This walk is sponsored by Bradfield Brewery
- Length 6.0 miles
- Time – 3 hours
- Grade – Woodland and fields with a few sections on roads. Short ascents. The paths are well defined.
- Start – Loxley Road, Hanson Road, near the Admiral Rodney Inn.
- Parking – On Loxley Road.
- Public transport – Buses 31/A/B and 61 and 62 from Hillsborough stop at Loxley Road, Hanson Road
- Refreshments – Admiral Rodney Inn, Loxley Road; Royal Hotel, Dungworth; Our Cow Molly ice cream, Dungworth. Cafés at Langlands Garden Centre and Loxley Nursery.
- Public Toilets – None on route.
- Grid Reference – SK 3054 8993
A walk above and along the Loxley Valley. The route takes in open countryside, passes through small villages and returns along the valley past with the derelict works that were originally established in the valley to make use of water power.
Map of the walk route
Park on Loxley Road somewhere near the Admiral Rodney Inn. (See Points of Interest 1)
Walk down Loxley Road to the junction with Black Lane. .
At the junction turn right and go down Black Lane.
Continue down until the lane splits. Take the left hand fork down to the cottages. Go down the steps in front of the cottage on the left.
Turn right at the bottom of the steps and continue down the path.
At the factory entrance (2) take the path through the wall on the left.
Continue along the path and over two bridges.
The second bridge leads to woodland where the path is not initially clear.
Go straight on from the bridge. After 50m take the steep cobbled path up the hill to the left. The path has a handrail.
Keep going up the path until it emerges at the rear of the former Robin Hood Inn (3).
Go all the way around the front of the inn.
Take the public byway that goes up by the side of the inn and house.
At the track swing round keep to the wide track that goes up the hill with houses to the left and woodland to the right.
Continue up the track until it opens out onto a road on the housing estate.
Go up the road. After 100m take the footpath off to the right between two houses.
Follow the path through the woods. The path keeps close to the houses on the left.
The path comes out onto Acorn Drive. Turn right and follow Acorn Drive round to the junction on the right.
Take the first proper road to the right, which is Acorn Way.
This leads to Spout Lane. Turn left and proceed up the hill.
Near the top of the lane take the steps on the right that go up to Stannington Road.
Beware the steps open out onto the road with no pavement on this side of the road.
Turn right onto the road and head away from Stannington (4).
Pass the red brick house on the left and then take the track, Spoon Lane (5), down on the right just before the church.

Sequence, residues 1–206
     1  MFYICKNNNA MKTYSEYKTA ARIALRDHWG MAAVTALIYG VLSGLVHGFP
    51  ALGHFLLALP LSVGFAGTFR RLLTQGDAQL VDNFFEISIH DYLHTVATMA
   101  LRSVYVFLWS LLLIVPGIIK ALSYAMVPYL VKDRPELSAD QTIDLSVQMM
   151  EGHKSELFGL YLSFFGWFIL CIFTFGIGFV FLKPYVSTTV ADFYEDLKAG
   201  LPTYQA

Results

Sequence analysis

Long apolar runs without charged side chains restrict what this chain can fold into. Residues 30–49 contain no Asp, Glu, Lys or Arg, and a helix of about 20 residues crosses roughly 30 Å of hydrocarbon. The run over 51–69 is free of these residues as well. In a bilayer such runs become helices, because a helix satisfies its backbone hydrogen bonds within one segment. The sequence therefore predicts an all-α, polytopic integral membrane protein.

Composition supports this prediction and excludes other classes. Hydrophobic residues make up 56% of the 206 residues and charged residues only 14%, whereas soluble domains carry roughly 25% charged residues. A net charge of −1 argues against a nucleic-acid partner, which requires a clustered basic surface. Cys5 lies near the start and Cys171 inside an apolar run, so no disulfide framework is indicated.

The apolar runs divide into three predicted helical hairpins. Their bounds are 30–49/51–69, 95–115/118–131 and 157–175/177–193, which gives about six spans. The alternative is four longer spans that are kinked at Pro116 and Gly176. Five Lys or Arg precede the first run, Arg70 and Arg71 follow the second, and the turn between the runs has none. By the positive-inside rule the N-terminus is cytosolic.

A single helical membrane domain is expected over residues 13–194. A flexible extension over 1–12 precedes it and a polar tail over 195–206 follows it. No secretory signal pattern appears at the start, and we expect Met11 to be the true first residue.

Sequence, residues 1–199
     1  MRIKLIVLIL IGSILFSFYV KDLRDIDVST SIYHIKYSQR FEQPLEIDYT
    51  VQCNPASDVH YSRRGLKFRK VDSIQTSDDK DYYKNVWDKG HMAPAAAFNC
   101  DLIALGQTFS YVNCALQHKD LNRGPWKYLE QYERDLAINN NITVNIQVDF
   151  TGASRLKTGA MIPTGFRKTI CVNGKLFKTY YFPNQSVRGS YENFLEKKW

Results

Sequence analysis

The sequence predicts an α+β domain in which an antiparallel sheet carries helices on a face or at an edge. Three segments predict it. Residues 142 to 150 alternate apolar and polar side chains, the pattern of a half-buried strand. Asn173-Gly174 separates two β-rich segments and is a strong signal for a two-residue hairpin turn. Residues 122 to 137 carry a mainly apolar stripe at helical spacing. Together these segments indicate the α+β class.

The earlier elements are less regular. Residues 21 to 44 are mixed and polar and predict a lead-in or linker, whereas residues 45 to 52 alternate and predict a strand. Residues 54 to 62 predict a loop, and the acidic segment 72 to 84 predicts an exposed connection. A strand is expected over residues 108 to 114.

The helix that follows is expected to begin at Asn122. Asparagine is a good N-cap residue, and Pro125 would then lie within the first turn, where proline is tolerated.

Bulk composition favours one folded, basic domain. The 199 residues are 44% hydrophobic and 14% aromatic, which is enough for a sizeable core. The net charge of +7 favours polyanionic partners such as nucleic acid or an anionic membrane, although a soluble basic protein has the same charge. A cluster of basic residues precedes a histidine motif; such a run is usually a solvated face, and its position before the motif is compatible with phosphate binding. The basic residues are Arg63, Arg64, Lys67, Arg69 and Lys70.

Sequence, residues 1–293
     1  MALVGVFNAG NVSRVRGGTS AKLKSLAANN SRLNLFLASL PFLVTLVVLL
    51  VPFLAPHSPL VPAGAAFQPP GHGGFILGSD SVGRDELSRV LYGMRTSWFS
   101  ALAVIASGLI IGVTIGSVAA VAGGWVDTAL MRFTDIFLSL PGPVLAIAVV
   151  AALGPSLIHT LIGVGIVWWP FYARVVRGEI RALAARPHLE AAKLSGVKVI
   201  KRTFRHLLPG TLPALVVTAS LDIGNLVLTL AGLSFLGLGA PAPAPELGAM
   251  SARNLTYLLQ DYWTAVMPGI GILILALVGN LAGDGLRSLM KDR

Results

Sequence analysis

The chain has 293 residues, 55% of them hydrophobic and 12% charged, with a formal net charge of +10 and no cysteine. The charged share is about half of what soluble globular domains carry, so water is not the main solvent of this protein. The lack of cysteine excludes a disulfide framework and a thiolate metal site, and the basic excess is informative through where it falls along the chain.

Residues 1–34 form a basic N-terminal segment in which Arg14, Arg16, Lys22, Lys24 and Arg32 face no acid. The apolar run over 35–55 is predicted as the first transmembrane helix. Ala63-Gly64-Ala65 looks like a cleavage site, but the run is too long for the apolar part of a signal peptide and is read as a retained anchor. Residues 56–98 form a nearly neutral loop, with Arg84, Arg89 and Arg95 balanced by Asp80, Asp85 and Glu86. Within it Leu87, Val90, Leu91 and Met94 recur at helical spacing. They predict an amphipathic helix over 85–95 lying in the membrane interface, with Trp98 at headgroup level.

Follow the track all the way down the hill. The track crosses the stream before climbing up to a sharp corner on Storrs Lane.
Turn left and climb up Storrs Lane (6) past the farm buildings.
Follow the road round to the left and continue to the junction. Keep right at the junction with Lee Moor Lane.
50m after the junction take the footpath on the left, just before the first house.
Go along the track and past the house, through the stile and into the fields.
Continue through the first field. Go across the second field aiming for the white gate in front of the cottage at the right hand end of the run of buildings.
Go through the stile by the gate and the follow the path up through the farm yard. This farm is the home of Our Cow Molly ice cream.
From the farmyard cross the road and go along Hill Top Road opposite, sign posted towards Glossop.
After 200m take the footpath to Dungworth on the right. The path goes up past the house, through the back yard and into a field.
Proceed down the field towards the village of Dungworth which is directly ahead.
Cross the stone stile onto Cliffe Hill. Turn left and take the road into the village.
Take the footpath that goes down to the left immediately after the Royal Hotel (7).
Follow the path down the hill. This section can be a bit boggy in wet weather.
Follow the path through the stile and down past the cottage.
Turn left onto Dungworth Green.
Take the footpath down to the right by the metal gate just before the next buildings.
The path moves into woodland.
Before the path emerges from the woodland there is a junction with another well defined path.
Take the path that cuts back to the right. This path drops down and crosses the stream.
Go over the wooden stile and then keep to the left as much as possible.
Go through the stone stile and follow the path with the stream close by on your left.
When the path reaches the junction by the mesh fence of the waterworks, go left and follow the fence until it ends by the bridge over the river.
Cross the bridge to the large mill pond.
Turn right and go by the side of the pond and into the car park
Take the road opposite and to the right down through the factory site.
Pass the derelict factory buildings (8).
Just before Storrs Bridge Lane goes off up to the left take the footpath through the wall on the right.
Go left on the path that runs on the embankment between the river and the mill pond feeder.
Part way along this path there is a large rectangular stone (9) which has markings indicating the flow level for the feeder.
Follow the path past the mill pond and down into the factory yard. Care should be taken as the footpath is also the roadway within the works.
Turn left and go along the yard and then take the road left up the hill.
Follow the road right away from the farm and on to Rowel Lane(10).
Turn left up Rowel Lane and continue up to Loxley Road (11).
Turn right and go along the road, past Loxley Nursery and back to the starting point of this walk.
Points of Interest
1. Admiral Rodney.
The Admiral Rodney pub was built in the 1950’s to replace another inn called The Rodney, which was demolished.
2. Little (or Low) Matlock Wheel.